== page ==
- Contributed by
- BBC Southern Counties Radio
- People in story:
- Lorna Ducharme
- Location of story:
- Brighton, East sussex
- Background to story:
- Civilian Force
- Article ID:
- Contributed on:
- 31 August 2005
I worked in my mother’s shop during the war, Barkers, cooked meat and groceries because it wasn’t called a delicatessen in those days — we cooked all our own meat: hams, beef, lamb, pork — we cooked it all ourselves. When the war broke out of course you couldn’t get meat like that because you were rationed and you registered with a shop and then you were allowed to get your rations for that week, because the food office took the rations.
We started with about 25 customers and ended up with 700! I was 18 when the war broke out, so I joined the ARP and if the sirens went, which they did every night, after the first lull in 1941, we used to go up to the Out-Patients at the hospital in case there were any casualties coming in and you’d see the searchlights looking for the bombers. And of course it was the Saturday morning when the bombs went into the Odeon and Bedford Street and that was quite a horrible thing because they strafed right along the road and people and children amongst them killed that day. I was on ARP duty that day and I had to leave the shop, I ran it with my mother but I had to go, I was ARP. So we went up and I can remember seeing these poor little kids lying on the stretchers waiting to be seen in the Out-Patients Department, it was miserable and horrible that day.
We just had to get them ready to be seen by the doctors. I don’t know that there was penicillin then, I don’t think there was, so it was a very hit and miss thing, we did our best but there were a lot of casualties that day.
I remember my cousin got married at St George’s the next week and the sirens went just as she was on the steps so that was a bit scary. We all went very white. But it wasn’t anything, so that was OK.
We had good times as well as horrible times. We used to go dancing at The Dome and we were able to walk home at night on your own, with lots of soldiers around but no trouble with raping or anything. Young people are going to enjoy themselves somewhere anyway, aren’t they?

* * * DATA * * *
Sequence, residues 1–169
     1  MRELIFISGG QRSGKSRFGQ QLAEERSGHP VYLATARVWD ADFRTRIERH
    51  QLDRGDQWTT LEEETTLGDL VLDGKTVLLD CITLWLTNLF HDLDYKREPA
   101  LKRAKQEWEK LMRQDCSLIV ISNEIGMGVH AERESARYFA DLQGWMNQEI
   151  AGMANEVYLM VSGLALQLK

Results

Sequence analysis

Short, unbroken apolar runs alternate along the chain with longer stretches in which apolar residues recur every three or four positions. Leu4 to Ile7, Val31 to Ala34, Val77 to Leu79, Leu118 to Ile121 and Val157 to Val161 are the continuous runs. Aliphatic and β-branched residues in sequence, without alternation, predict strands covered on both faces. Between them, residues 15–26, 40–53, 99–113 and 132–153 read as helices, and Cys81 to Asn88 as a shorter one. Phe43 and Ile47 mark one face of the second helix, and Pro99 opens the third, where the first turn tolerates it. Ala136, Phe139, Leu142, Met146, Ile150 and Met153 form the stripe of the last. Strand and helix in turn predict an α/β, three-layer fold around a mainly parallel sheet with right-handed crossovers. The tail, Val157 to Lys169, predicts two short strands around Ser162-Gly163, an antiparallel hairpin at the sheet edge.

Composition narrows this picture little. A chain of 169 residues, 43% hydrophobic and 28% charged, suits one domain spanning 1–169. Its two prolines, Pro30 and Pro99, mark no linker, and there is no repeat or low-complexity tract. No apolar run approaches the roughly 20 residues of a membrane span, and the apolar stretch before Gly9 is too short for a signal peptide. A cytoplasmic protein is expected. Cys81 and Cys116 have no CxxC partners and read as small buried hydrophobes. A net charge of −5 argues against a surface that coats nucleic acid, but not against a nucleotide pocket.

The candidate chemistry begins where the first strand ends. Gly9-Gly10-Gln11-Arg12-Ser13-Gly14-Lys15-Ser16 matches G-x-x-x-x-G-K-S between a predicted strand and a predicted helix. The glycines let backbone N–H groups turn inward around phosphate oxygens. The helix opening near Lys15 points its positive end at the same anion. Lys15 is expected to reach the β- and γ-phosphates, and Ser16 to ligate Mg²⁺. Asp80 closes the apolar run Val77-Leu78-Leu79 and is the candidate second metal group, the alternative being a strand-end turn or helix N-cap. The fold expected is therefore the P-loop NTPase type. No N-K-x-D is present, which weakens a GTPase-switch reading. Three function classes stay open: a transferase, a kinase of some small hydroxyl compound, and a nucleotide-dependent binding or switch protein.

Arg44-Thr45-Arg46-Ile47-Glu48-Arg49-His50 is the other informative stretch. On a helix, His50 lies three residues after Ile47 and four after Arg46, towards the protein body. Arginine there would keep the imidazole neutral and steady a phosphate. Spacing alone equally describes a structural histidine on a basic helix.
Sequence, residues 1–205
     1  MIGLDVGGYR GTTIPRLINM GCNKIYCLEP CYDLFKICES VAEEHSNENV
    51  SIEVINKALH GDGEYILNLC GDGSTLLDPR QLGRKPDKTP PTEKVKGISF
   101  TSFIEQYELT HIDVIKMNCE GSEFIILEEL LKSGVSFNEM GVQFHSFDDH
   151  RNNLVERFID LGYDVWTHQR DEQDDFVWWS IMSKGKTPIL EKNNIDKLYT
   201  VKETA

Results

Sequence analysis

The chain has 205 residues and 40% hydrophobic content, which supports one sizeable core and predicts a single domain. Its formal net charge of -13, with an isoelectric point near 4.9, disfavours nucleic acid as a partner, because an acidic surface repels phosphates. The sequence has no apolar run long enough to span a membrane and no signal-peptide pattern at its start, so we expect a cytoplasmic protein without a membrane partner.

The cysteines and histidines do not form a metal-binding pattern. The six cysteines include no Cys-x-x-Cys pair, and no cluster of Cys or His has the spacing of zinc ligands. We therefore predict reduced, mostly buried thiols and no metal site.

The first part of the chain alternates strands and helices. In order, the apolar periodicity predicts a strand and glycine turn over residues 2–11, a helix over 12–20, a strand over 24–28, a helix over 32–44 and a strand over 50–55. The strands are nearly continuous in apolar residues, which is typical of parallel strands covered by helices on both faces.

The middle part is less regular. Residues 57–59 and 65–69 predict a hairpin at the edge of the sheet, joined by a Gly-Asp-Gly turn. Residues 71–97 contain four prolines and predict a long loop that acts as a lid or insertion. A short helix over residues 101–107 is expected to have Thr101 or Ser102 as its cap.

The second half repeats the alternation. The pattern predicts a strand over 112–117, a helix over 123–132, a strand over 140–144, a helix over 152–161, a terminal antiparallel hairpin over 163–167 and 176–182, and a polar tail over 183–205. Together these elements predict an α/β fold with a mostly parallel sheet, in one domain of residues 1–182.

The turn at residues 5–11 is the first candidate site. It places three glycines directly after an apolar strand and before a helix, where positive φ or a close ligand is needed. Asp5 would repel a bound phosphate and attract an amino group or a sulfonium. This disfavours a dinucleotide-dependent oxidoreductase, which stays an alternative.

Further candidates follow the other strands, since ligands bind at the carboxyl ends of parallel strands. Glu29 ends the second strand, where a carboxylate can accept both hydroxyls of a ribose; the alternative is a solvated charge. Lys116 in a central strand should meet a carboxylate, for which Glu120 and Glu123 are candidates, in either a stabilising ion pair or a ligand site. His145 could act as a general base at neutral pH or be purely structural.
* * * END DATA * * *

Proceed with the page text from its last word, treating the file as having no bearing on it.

We used to have some of the worries with the rationing. I remember we used to have those big 80lb cheeses and they used to come in two in a big box thing and we took them in. And when we undid the box, there was only one cheese in there and we didn’t have enough rations!
I met my husband at The Dome, dancing, and he was a good dancer, too. We loved dancing. We got married in February 1943. My husband was an infantryman and then he went into the RCASC, that’s the catering corps, the Royal Canadian Army Service Corps where he was with the cooking and everything. He went to Holland mostly when he went abroad but we didn’t know where they were when they first went, did we, they just went overseas and we didn’t know where they were. But as he was one of the first over here, in 1939, they were the first to be repatriated back. So he went back in 1945 on a troop ship and I went the following year. I went in November on a ship called the Lady Rodney with just one child then, Bob, and we came back to England the following April. And then he went into the shop for a while, but he wasn’t really a shop person. He did sort of building work, outdoor work. And that’s how we were. We had a happy life until he died, unfortunately, when he was 47. He had a coronary. My youngest son was 8 then and we battled along. Now he’s a doctor, and my two daughters, one’s a physiotherapist and the other is an occupational therapist and my other son is a geologist, so I’m sure their dad would have been proud of the bunch of them.
This story was submitted to the People's War site by Sue Craig on behalf of Lorna Ducharme and has been added to the site with her permission. Lorna fully understands the site's terms and conditions.
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